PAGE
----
“I know this is Riverdale, but where do we get a snuff film?” Aaaaand we’re back. If tonight’s episode feels just like a continuation of season 4, that’s because it essentially is. In case you don’t recall, last season ended abruptly because of the pandemic, so this season basically picks up where the last one left off.
And if you don’t remember where that was, someone had escalated from leaving creepy videos of building exteriors to creepy videos of masked people committing violent acts. Specifically, people wearing cartoonish masks of the main characters’ faces. These aren’t the masks we’re all wearing, because, true to form, this show exists in a realm outside reality. Thank goodness, for once.
In fact, the last video was about the kids killing former principal Honey. However, once the authorities get involved, they find out that Mr. Honey is alive and well. They also find the location where the tape was made, and that loops Betty and Jughead right back to Blue Velvet Video.
That’s how Betty (and Jughead) end up at an underground video screening. She gives over one of those terrifying childhood videos of her dad, while other videos include Bret’s sex tape and some violent ones I didn’t recognize. They also see a video similar in style to the ones they’re receiving, so they play it cool.
Haha, just kidding. Jughead starts getting up in everyone’s face and asking these strangers who directed the tape. Then he punches a guy–you know, real subtle stuff. It’s right in line with when they decide that some guy (or gal) in an owl mask must be The Auteur, as they’re calling him. Why him? Uh…reasons. And again, they’re not very secretive. By that, I mean that they point directly at him. It’s a wonder that they’ve solved any case.
Meanwhile, Archie is still thinking about the Naval Academy, but he has to win a boxing match to get a place. You know, how you get into school. Actually, I don’t know anything about military school, so maybe that is what you have to do. Anyway, although this is supposed to be what he wants for his future, he seems oddly detached from the whole experience.
Maybe that’s because of what’s going on with Veronica. She’s found the song that he wrote for Betty, and she assumes that it’s about her. That would be a minor mess in itself, but then she takes it upon herself to perform it at the speakeasy. Honestly, it’s worth it just for the awkward looks Betty and Archie exchange.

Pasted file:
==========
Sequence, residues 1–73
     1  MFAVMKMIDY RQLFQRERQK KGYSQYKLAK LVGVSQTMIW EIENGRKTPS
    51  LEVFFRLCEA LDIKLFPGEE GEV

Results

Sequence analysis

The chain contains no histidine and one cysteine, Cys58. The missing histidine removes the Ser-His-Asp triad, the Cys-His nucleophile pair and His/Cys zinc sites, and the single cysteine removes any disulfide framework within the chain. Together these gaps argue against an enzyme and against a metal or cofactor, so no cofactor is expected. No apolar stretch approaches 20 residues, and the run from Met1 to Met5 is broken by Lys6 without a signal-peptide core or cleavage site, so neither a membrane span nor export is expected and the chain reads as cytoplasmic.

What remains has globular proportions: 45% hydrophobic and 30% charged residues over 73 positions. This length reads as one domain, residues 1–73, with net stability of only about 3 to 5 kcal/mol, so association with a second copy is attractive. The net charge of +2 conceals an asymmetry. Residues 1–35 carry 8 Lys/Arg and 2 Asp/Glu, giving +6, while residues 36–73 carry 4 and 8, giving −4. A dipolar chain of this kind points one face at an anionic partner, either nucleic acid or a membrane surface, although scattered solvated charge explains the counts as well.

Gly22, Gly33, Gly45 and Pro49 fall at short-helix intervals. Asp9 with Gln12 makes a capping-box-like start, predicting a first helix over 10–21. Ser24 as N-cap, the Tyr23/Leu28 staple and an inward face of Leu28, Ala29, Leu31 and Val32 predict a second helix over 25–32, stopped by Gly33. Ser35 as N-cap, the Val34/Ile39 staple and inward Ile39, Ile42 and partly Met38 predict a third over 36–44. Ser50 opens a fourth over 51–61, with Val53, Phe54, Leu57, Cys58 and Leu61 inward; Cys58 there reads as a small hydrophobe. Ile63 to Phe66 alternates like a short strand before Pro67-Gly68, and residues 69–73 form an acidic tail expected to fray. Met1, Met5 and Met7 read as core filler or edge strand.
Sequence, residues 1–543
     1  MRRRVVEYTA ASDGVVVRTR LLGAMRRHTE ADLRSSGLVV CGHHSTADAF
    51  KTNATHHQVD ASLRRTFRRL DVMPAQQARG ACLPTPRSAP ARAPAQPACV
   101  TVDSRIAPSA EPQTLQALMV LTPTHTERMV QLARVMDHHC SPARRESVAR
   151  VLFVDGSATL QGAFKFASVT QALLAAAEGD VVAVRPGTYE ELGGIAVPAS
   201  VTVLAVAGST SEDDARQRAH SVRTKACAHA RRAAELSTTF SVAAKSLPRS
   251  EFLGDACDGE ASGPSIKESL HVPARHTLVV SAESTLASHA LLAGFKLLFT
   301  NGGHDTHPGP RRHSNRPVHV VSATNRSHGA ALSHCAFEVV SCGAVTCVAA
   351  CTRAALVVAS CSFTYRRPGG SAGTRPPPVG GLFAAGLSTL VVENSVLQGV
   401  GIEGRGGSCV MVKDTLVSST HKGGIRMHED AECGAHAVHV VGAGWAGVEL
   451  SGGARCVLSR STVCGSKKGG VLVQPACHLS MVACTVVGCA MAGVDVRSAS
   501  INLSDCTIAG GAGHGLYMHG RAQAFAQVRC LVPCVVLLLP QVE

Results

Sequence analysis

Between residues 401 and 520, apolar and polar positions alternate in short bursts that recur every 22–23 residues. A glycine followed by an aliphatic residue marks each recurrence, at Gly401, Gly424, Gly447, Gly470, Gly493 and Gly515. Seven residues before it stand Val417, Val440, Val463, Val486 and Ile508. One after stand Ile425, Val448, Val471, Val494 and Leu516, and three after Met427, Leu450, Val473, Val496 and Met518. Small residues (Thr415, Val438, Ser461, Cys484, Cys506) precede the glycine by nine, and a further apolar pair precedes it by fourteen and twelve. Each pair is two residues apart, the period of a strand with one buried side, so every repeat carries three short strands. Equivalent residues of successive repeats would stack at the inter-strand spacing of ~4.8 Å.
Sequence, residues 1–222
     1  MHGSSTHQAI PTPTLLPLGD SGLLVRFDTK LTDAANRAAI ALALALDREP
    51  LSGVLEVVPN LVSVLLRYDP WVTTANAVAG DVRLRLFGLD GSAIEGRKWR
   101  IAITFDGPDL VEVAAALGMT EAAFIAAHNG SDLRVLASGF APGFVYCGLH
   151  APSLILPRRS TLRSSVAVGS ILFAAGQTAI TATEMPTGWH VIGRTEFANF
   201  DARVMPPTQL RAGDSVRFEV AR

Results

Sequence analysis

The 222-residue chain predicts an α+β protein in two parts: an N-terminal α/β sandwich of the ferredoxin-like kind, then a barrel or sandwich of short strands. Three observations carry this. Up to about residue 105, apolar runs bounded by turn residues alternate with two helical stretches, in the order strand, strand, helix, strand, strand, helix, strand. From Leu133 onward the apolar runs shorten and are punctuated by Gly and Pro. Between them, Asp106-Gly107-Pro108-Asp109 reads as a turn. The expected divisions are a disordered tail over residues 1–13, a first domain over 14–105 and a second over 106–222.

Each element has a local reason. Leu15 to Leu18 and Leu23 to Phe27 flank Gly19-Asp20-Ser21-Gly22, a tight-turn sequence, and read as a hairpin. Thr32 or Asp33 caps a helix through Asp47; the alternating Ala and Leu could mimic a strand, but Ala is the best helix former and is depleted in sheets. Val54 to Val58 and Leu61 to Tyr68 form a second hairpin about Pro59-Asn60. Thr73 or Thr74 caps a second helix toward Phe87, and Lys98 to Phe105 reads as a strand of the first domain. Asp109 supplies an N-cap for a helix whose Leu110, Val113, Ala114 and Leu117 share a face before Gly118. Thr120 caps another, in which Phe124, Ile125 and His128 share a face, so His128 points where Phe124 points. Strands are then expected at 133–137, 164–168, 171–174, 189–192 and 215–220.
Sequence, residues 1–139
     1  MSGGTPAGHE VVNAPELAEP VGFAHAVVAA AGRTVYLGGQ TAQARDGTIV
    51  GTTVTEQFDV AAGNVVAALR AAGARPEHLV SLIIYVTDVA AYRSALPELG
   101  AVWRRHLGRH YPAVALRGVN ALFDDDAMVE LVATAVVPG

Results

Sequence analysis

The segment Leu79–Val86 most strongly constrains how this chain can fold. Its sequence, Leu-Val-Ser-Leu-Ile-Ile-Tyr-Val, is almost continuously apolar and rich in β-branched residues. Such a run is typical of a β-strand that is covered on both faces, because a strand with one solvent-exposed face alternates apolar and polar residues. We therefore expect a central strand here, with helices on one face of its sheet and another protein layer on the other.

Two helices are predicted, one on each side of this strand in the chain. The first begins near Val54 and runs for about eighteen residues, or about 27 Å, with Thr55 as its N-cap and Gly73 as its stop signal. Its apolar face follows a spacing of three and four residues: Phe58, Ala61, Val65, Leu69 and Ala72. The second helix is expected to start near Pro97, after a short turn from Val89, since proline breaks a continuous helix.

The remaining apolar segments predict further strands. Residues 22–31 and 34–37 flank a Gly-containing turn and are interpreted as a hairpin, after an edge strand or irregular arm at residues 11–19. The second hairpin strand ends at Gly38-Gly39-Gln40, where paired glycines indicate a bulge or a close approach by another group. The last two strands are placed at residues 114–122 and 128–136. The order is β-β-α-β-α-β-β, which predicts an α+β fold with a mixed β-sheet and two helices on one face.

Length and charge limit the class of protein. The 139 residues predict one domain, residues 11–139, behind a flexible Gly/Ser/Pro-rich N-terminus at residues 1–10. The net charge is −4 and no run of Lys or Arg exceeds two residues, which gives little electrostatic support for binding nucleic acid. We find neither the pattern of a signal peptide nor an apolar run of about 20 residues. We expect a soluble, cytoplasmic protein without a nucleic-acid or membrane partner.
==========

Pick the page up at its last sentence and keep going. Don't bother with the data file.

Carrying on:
Archie ends up losing the match and thus, his spot at school. The school representatives are pretty chill about it, though, and tell him to check back in the future. But Archie’s like, I’d rather eat glass, thanks.
And if he’s going to torch his future, why not go all the way? When Veronica starts talking at prom about deferring her freshman year at Barnard (so she and Archie can work together for Hiram), Archie confesses everything about Betty. So Veronica pretty much breaks up with him on the spot.
That’s just before Cheryl and Toni are elected co-queens, by the way. Incidentally, Vanessa Morgan, who plays Toni, was quite vocal last year about how flimsy a character she was. She had no storylines without Cheryl. It seems with this episode that they’ve tried to put that right (in the tiniest incremental baby steps). To wit, after Cheryl realizes that Toni still hasn’t told her family about their relationship, she immediately assumes it’s because Toni doesn’t want them to know she’s gay. And Toni’s like, “Yep, that’s it, exactly.” However, after Cheryl visits Toni’s nana, she finds out the truth: Toni doesn’t want her family knowing that she’s dating a Blossom. She ends up going to prom with Cheryl, but it seems like they’re breaking up, too. Toni still doesn’t want to go against her family.
We barely have time to focus on that, though, because The Auteur chooses the prom to strike. He broadcasts a video of the scary masked people killing (or “killing”) the owl mask guy, whom they’ve helpfully nametagged David (the Blue Velvet) owner. But he’s* not through. Archie gets the final tape of the episode, a lurid recreation of the time the Black Hood shot Fred (RIP forever) in Pop’s. So who is this guy? And how would he know the details of something like that?
8/10 – Even though the episode went full-tilt Riverdale ridiculousness from the jump, it did a good job at continuing the creepy mask storyline. It’ll probably turn out to be something you’d never see coming in a million years, but it’s working for now.
*And on that note, I’m saying “he” but it could easily be a she. Or a they.